Humans are designed to squat while pooping.

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Humans are designed to squat while pooping.

The squat toilet

The sitting toilet is very common in developed countries, but it has been linked to hemorrhoids. The reason for this is because one of the biggest causes of hemorrhoids is straining during defecation. While constipation obviously leads to excessive strain, even the body mechanics required for normal defecation on a sitting toilet can cause hemorrhoids. This is particularly true when sitting on the toilet for long periods of time.

The squat toilet

In undeveloped countries, the squat toilet is much more common. In some cases, a squat toilet is little more than a hole in the ground, and yet it is superior as far as proper body positioning goes. Remember that while squatting may seem foreign to us, this is the natural position we took for many thousands of years before the sitting toilet was invented. In fact, most of the world’s population uses squat toilets today.

Squat toilets place more strain on the feet and legs to hold the position. However, this results in less strain during defecation because the excretory organs are aligned specifically for this purpose. The amount of time spent defecating is also reduced compared to sitting toilets. With less straining, less aggravation is placed on the area, which means that existing hemorrhoids can heal faster, and there is less irritation to cause new hemorrhoids.

No extensive studies have yet been conducted to find the extent to which sitting toilets are linked to hemorrhoids. However, because hemorrhoids rarely occur in undeveloped countries that use squat toilets, there is anecdotal evidence for a strong connection. Limited studies of hemorrhoid sufferers who switched from sitting toilets to squat toilets have shown complete relief from hemorrhoid symptoms in some cases.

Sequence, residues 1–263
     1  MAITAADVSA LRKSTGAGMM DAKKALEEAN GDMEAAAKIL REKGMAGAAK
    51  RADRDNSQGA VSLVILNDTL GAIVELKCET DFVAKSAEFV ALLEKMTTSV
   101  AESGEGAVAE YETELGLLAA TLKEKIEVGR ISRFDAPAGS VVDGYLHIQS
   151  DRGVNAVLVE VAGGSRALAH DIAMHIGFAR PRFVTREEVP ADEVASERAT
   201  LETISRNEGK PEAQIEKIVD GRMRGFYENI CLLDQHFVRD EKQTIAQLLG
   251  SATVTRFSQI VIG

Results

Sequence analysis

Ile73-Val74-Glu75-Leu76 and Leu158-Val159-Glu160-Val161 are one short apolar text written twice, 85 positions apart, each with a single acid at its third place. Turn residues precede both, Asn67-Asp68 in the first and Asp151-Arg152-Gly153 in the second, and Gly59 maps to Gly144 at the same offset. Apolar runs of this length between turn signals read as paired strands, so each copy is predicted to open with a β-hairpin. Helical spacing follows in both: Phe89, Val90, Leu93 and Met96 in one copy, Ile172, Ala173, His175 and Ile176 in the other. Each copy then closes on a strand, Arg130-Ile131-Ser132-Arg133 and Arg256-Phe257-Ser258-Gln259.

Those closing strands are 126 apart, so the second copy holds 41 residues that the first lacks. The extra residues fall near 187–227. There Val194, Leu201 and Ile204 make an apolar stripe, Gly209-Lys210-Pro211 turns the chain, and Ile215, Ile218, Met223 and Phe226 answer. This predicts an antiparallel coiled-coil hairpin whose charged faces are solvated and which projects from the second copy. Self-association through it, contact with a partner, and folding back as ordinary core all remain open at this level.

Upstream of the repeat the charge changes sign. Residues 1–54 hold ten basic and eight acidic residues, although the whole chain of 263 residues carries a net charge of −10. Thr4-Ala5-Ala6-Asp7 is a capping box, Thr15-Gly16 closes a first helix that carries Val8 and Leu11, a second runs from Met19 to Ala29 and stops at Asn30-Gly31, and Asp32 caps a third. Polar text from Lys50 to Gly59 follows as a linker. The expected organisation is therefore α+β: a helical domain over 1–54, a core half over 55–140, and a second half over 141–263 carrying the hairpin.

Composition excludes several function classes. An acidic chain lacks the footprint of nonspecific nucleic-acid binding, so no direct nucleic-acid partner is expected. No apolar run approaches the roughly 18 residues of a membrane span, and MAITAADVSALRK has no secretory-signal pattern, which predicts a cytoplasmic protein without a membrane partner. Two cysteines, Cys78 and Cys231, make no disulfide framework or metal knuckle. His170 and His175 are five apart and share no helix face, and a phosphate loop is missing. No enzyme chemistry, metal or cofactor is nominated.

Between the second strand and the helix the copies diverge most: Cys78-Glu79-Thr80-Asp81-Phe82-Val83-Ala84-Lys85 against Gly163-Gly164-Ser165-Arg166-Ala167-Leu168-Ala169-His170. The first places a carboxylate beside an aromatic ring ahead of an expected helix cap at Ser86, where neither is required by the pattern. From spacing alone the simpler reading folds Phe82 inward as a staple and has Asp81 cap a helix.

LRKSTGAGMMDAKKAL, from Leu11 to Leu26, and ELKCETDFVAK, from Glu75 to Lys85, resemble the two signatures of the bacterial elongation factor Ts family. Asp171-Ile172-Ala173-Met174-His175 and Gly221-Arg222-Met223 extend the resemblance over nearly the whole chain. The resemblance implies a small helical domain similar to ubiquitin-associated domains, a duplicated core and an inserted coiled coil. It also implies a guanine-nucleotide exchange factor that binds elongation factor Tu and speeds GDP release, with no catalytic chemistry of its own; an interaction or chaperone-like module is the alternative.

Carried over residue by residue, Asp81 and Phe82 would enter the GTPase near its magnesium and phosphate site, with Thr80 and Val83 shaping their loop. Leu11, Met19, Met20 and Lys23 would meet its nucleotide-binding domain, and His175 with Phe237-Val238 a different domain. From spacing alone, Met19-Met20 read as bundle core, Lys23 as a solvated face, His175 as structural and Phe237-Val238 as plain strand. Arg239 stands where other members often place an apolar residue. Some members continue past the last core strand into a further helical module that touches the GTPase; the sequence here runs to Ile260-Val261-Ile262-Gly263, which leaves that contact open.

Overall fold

However, simply knowing this information doesn’t suggest an obvious solution. In developed countries, there are enormous numbers of sitting toilets everywhere, and everyone has learned the habit of sitting. Squatting may also be difficult for elderly people.

It is possible to squat over a sitting toilet, but it is difficult to do so. With your feet on the ground, you can only lower your body so much before hitting the seat, which prevents you from achieving the angles needed for proper squatting. Or equip your toilet with Squat Foot Stool that allows you to put your feet up much higher.

Squat Foot Stool

Squat Foot Stool

If you wish to change your toilet habits in an attempt to relieve hemorrhoid symptoms, one simple trick is to lean far forward when sitting. This mimics squatting to some extent, although it lacks the benefits of full squatting. Another tip is to wait until you really have to go, which reduces straining as well as the time spent on the toilet. Proper toilet use may not be everything, but it can be considered a partial hemorrhoid cure.

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